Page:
1 Bukhārī, Ṣaḥīḥ, Nikāḥ, viii. 52 no. 5133.
2 Muslim, Ṣaḥīḥ, Nikāḥ, ii. 1038 no. 1422.
3 ʿĀʾisha Bint Abī Bakr, the third and favorite wife of the Prophet, was born in Mecca about 614 CE. Her mother, Umm Rūmān, came from the tribe of Qināna. Muḥammad gave ʿĀʾis̲h̲a the kunya Umm ʿAbd Allāh, after the name of her nephew ʿAbd Allāh b. al-Zubayr. See W. Montgomery Watt, Encyclopedia of Islam Edition 2nd edition: 12 vols. ed. by P.J. Bearman, Th. Bianquis, C.E. Bosworth, E. van Donzel, W.P. Heinrichs et al. (Leiden: Brill, 1960-2005), art. ‘ʿĀʾisha Bint Abī Bakr.’ [EI2]
4 Abū Dawūd, Sunan, Adab, iv. 284 no. 4933; Ibn Mājah, Sunan, Nikāḥ, iii. 75 no. 1876; Nasāʾī, Sunan, Nikāḥ, vi. 82 no. 3255.
5 Abū Muḥammad ʿAlī b. Aḥmad b. Saʿīd , born at Cordova in 384/994, died at Manta Līs̲h̲am in 456/1064, was an Andalusian poet, historian, jurist, philosopher and theologian, one of the greatest thinkers of Arabo-Muslim civilization, who codified the Ẓāhirī doctrine and applied its method to all the Qurʾānic sciences. See R. Arnaldez, EI2 art. ‘Ibn Ḥazm.’
6 Ibn Ḥazm, Ḥujjat-l-Widāʿ, 435.
7 ʿImād al-Dīn Ismāʿīl b. ʿUmar b. Kat̲h̲īr, born in Boṣrā circa 700/1300 and died in Damascus in S̲h̲aʿbān 774/February 1373, was one of the best-known historians and traditionalists of Syria under the Baḥrī Mamlūk dynasty. Educated at Damascus, where he went to live with his elder brother in 706/1306, after the death of their father, he had as his main teacher, in fiqh, the S̲h̲āfiʿī Burhān al-Dīn al-Fazārī (in 729), but next fell strongly, and very early, under the influence of Ibn Taymiyya (d. 728/1328) and his school. See H. Laoust, EI2, art. ‘Ibn Kat̲h̲īr.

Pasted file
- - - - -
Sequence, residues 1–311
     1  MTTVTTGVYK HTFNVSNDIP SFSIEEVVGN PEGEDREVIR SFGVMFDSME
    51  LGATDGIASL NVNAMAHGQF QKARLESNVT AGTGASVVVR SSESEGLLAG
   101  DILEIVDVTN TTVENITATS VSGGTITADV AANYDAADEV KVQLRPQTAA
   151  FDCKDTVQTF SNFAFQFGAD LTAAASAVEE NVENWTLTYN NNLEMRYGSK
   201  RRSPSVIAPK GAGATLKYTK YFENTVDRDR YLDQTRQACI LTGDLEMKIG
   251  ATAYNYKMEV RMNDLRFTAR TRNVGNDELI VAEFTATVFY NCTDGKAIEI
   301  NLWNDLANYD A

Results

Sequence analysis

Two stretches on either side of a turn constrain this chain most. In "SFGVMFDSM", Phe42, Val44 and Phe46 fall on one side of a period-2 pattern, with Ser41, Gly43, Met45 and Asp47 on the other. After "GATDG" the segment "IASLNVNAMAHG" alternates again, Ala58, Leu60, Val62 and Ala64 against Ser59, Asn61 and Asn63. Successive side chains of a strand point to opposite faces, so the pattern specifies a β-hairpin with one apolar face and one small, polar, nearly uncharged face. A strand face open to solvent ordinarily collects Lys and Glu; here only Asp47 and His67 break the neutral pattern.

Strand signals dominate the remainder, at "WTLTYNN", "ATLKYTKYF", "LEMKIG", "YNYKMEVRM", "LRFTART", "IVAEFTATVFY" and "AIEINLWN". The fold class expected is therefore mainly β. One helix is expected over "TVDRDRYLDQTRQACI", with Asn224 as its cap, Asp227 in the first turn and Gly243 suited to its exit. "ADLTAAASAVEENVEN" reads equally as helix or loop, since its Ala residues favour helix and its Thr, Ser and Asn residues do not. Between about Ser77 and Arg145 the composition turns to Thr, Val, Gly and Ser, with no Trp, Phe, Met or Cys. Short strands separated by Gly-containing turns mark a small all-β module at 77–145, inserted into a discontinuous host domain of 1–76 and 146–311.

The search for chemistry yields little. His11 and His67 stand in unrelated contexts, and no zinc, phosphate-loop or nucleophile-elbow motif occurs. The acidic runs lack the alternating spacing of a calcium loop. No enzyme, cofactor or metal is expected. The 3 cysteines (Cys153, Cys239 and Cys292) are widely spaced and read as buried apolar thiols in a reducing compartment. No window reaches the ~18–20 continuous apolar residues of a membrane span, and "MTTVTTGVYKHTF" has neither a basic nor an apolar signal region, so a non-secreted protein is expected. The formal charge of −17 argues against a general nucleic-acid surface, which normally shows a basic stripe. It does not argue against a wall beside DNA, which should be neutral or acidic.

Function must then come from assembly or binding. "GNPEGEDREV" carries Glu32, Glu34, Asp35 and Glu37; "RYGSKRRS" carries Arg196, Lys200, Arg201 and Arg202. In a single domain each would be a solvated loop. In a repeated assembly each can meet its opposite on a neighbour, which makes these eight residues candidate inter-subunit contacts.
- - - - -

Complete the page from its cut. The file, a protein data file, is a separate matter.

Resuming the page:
8 Ibn Kathīr, al-Sīrat al-Nabawiyya, ii. 141.
9 al-Namarī (al-Numayrī), appellative of a family of Cordovan scholars, the principal representative of which is Abū ʿUmar Yūsuf b. ʿAbd Allāh, born in 368/978. He studied in his native city under masters of repute, engaged in correspondence with scholars of the East and traveled all over Spain “in search of knowledge,” but never went to the East. Considered the best traditionalist of his time, he was equally distinguished in fiqh and in the science of genealogy. After displaying Ẓāhirī tendencies at first, in which he resembled his friend Ibn Ḥazm, he later followed the Malikī doctrine. See Ch. Pellat, EI2, art. ‘Ibn ʿAbd al-Barr.’
10 Ibn ʿAbd al-Barr, al-Istīʿāb, iv. 1881.
11 See Ibn Ḥanbal, Musnad.
12 Ibn Ḥajar, al-Iṣāba.; Bacharach, Middle East Handbook, 54; Mohiuddin, Revelation; Ghufaylī, al-Sanā al-Wahhāj; Ibn Kathīr, al-Bidāya; Ibn Ḥajar, Fatḥ al-Bārī, viii., 304; Al-Dhahabī, Siyar; Ibn ʿĀshūr, al-Taḥrīr wa-l-Tanwīr, xvii., 168; Nawawī, Tahdhīb al-Asmaʾ wa-l-Lughāt; Encyclopedia of Islam, 2nd edition.
13 Al-Bukhārī reports that Hishām [ibn ʿUrwa] narrates from his father that ʿĀʾisha, may God be pleased with her, [said]: “The Prophet ﷺ married her when she was six years old and he consummated his marriage when she was nine years old, and then she remained with him for nine years.” Bukhārī, Ṣaḥīḥ, Nikāḥ, viii. 52 no. 5133.
14 al-Qamar, 54:46.
15 Bukhārī, Ṣaḥīḥ, Tafsīr al-Qur‘ān, vii. 367 no. 4876.
16 Muslim, Ṣaḥīḥ, Nikāḥ, ii. 1039 no. 1422.
17 Nasāʾī, Sunan, Nikāḥ, vi. 131 no. 3379.
18 Ghufaylī, al-Sanā al-Wahhāj, 130.
19 Al-Dhahabī, Siyar, Hisham ibn ʿUrwa.
20 Al-Dhahabī, Siyar, Asmaʾ bint Abī Bakr.
21 Ghufaylī, al-Sanā al-Wahhāj, 188-189.